Select the appropriate numbers separated by commas and/or spaces, or leave input
blank to select all options shown (Enter ‘c’ to cancel): gci.example.com
** Error - Invalid selection **
My web server is (include version): Apache
The operating system my web server runs on is (include version): Ubuntu 18
I installed this ALL last month or more recently, so pretty much latest version. I’m trying to set up a secure/trusted self-signed server on an intranet. I thus typed in “GIBA.dhcp.mycompany.ltd”, which is the FQDN on my own internal DNS, and expected to get some job, but even typing in the example fails, so somebody is trying to phone home?
But mostly I’m getting confused by the wording and language used by anyone describing how to set up a secure server. I am using this to learn how to set up a server, but the server will never be external, I want to still go through most of the correct steps to learn from. Am I wasting my time. I am wanting to switch my apache from http to https and allow other machines to be reasonably secure at least with credentials if they choose to trust my self-signed cert, which I will place on a thumbdrive. I keep seeing steps in people’s blogs telling me to set up a “localhost” CN in a certificate, but localhost is not a trustable CN surely, so rather confused now. A number of links point to your excellent tool, but I’m not clear on the basics still. Making sense?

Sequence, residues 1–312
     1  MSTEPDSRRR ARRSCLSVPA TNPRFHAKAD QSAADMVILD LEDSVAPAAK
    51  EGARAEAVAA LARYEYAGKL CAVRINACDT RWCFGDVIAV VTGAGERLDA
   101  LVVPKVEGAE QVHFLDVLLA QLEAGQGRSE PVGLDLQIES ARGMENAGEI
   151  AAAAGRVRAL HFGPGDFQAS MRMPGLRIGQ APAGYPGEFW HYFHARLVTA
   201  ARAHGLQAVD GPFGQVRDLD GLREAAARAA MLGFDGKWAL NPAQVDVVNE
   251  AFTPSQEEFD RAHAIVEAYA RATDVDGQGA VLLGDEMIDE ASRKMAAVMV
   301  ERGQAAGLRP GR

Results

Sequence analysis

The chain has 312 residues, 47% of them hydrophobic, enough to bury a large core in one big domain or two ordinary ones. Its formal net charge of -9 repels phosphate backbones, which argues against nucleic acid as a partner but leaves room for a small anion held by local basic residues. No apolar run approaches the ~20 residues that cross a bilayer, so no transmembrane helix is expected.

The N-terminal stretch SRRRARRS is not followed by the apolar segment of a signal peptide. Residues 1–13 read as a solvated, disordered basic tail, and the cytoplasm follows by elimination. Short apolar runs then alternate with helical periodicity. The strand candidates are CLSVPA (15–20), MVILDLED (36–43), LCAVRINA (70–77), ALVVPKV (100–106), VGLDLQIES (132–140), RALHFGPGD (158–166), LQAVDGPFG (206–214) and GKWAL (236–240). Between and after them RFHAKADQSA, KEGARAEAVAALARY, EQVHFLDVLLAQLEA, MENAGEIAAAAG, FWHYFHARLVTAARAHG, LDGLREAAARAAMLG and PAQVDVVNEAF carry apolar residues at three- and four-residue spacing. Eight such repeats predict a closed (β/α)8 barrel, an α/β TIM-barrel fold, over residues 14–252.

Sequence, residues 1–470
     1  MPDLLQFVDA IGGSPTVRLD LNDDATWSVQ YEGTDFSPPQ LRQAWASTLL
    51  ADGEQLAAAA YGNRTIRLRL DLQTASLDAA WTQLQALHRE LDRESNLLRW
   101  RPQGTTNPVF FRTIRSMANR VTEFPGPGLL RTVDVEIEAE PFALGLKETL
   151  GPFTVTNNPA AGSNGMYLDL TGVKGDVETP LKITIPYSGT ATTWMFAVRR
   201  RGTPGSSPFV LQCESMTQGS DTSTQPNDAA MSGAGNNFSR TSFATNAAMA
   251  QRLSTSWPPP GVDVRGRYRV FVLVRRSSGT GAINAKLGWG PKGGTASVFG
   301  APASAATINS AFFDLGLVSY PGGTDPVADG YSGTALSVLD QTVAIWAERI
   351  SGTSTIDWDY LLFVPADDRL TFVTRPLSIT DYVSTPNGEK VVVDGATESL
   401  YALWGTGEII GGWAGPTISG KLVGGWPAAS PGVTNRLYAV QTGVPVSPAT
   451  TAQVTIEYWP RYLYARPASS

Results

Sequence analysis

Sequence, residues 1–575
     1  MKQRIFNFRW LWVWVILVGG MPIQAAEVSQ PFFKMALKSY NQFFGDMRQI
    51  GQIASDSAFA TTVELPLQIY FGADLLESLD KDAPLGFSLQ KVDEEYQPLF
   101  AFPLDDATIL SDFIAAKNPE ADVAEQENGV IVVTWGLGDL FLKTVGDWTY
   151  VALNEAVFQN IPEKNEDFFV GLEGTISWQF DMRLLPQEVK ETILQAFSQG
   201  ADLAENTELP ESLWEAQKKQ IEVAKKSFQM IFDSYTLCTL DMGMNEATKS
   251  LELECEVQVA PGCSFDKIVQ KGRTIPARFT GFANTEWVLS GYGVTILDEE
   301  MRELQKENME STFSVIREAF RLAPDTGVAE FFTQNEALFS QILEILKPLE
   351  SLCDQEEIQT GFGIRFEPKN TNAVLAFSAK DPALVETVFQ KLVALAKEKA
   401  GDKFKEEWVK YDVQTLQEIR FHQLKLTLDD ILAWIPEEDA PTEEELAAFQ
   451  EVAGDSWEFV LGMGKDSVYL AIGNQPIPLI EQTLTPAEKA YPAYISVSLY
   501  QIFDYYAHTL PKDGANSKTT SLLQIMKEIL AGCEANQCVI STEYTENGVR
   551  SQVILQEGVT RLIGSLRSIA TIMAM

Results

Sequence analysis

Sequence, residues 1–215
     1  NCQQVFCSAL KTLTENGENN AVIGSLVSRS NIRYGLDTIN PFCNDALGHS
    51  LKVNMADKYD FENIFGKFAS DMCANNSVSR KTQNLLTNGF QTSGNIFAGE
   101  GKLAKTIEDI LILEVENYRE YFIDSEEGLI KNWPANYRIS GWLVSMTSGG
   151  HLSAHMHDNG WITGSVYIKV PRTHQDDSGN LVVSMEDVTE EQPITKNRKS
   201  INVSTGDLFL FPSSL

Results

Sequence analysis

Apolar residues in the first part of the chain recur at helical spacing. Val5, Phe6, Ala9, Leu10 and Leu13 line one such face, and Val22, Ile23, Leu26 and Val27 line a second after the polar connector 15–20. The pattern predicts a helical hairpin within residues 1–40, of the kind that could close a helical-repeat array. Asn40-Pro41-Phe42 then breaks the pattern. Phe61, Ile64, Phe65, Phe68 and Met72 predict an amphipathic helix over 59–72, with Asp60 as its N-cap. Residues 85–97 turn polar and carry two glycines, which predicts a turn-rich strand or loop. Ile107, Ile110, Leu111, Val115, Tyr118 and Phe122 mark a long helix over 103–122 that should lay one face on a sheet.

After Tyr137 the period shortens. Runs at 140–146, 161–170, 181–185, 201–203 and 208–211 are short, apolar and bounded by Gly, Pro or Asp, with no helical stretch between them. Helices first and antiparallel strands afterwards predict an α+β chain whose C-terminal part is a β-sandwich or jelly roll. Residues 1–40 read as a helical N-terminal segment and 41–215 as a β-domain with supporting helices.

I think Certbot’s interface needs you to type “1” rather than “gci.example.com”. It’s just rejecting the input because it expects a number, not because of anything about your hostname itself.
Of course, unless you work for IANA, you don’t have access to example.com, and gci.example.com doesn’t currently exist. mycompany.ltd doesn’t seem to be a registered domain, and giba.dhcp.mycompany.ltd does not exist either.
Let’s Encrypt only issues certificates for domains that are registered and that you really control.
Certbot isn’t intended for issuing simple self-signed certificates. It’s an ACME client, designed to interact with CAs using the ACME protocol. It doesn’t necessarily have to be a public, trusted CA like Let’s Encrypt. You could operate your own private CA using software like step. But if you want one command to issue an untrusted, self-signed certificate, without any other infrastructure, that’s not what Certbot is for.